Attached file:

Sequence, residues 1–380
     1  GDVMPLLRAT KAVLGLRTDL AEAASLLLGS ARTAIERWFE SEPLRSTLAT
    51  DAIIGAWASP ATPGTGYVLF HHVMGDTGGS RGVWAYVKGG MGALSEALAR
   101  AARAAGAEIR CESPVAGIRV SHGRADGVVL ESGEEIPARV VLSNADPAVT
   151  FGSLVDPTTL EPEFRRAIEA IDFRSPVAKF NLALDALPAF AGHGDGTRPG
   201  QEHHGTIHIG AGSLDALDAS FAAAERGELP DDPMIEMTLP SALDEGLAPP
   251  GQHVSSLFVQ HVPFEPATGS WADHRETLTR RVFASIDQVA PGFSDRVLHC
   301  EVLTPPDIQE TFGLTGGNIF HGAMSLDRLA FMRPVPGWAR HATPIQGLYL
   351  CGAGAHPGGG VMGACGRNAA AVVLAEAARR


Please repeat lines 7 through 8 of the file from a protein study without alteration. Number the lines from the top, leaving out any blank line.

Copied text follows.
   251  GQHVSSLFVQ HVPFEPATGS WADHRETLTR RVFASIDQVA PGFSDRVLHC
   301  EVLTPPDIQE TFGLTGGNIF HGAMSLDRLA FMRPVPGWAR HATPIQGLYL